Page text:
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Government deadlock continues in Israel

Israeli Prime Minister Benjamin Netanyahu gives an address from his office in Jerusalem on 3 April 2019, announcing that the remains of Sergeant First Class Zachary Baumel, a soldier missing since the 1982 Lebanon war, had been returned to the country. [MENAHEM KAHANA/AFP/Getty Images]
Israeli Prime Minister Benjamin Netanyahu [MENAHEM KAHANA/AFP/Getty Images]

Five right-wing parties in the Knesset decided to form a minority government under Prime Minister Binyamin Netanyahu, according to local news reports Friday, Anadolu reports.

Representatives from the parties gathered to discuss the formation of a coalition government in West Jerusalem.

Former defence chief Avigdor Lieberman's right-wing nationalist party, Yisrael Beiteinu (Israel Our Home), represented by five lawmakers, did not attend the meeting.

The parties are currently represented by 60 lawmakers of 120 in parliament. As they failed to gain 61 seats, essential for a vote of confidence, they decided to form a minority government with Prime Minister Benjamin Netanyahu as leader.

Liberman was urged to support the minority government by right-wing parties but he wants it mandated that Ultra-Orthodox Jews be recruited in the army.

Read: Israel allows armoured vehicles into West Bank

His party, which did not respond to the call, announced it would not support the coalition unless legislation was enacted to that cause.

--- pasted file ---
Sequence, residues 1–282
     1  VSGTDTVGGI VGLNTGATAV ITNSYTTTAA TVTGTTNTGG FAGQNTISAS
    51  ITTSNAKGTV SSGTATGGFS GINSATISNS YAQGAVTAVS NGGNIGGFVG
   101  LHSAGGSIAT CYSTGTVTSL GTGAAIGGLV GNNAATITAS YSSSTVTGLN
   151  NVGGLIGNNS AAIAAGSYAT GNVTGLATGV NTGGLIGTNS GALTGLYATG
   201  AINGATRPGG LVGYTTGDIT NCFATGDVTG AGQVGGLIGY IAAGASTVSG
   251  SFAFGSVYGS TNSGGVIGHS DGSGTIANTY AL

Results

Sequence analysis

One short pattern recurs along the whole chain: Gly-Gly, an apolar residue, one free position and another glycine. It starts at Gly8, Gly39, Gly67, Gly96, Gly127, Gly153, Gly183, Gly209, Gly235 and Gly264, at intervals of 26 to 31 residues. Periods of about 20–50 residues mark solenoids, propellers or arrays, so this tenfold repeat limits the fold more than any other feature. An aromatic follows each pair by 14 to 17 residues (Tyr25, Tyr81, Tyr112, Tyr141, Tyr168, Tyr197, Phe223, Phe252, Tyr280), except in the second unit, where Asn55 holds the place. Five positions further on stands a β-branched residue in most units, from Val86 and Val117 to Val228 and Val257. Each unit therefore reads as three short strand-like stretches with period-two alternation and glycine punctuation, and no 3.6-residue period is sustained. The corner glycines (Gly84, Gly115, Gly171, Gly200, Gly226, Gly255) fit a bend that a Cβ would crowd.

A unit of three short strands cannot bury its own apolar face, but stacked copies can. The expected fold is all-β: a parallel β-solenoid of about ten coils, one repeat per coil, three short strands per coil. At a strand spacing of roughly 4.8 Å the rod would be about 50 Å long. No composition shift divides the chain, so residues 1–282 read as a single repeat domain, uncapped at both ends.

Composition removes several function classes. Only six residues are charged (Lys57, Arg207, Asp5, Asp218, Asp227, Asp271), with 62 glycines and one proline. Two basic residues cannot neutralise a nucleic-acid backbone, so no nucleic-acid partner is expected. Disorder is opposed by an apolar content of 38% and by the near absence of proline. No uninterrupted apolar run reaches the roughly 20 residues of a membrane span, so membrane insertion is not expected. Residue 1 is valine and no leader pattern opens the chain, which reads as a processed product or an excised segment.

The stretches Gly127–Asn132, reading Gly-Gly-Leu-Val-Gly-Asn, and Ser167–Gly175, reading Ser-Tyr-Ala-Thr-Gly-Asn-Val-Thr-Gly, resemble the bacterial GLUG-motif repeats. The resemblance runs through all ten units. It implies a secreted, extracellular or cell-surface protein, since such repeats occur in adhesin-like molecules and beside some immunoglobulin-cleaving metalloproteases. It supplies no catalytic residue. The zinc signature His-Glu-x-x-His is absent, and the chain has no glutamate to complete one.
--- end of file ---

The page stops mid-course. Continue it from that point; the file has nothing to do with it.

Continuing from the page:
Political experts argue the formation of the government could end in deadlock unless Liberman retreats. Furthermore, the coalition is not likely to attract the support of parties linked to Ultra-Orthodox Jews — the Shas and United Torah Judaism (UTJ) –that each has eight seats.

Notably, Netanyahu has to convince Liberman by May 28 to form a coalition government. If he fails, President Reuven Rivlin will discuss with parliament the government formation.

The Blue and White Party, led by Benn Grantz, is not likely to be supported by right-wing parties that hold the majority in the parliament. Even if he is assigned to form a government by the president, it will not be an easy task for him to be supported by 61 lawmakers.

In 2018, the Israeli government brought the recruitment of Ultra-Orthodox Jews to its agenda, however, the draft resolution — which also sought to increase the number of soldiers of the Israeli army — was not submitted to parliament due to the cracks in the coalition led by Netanyahu.

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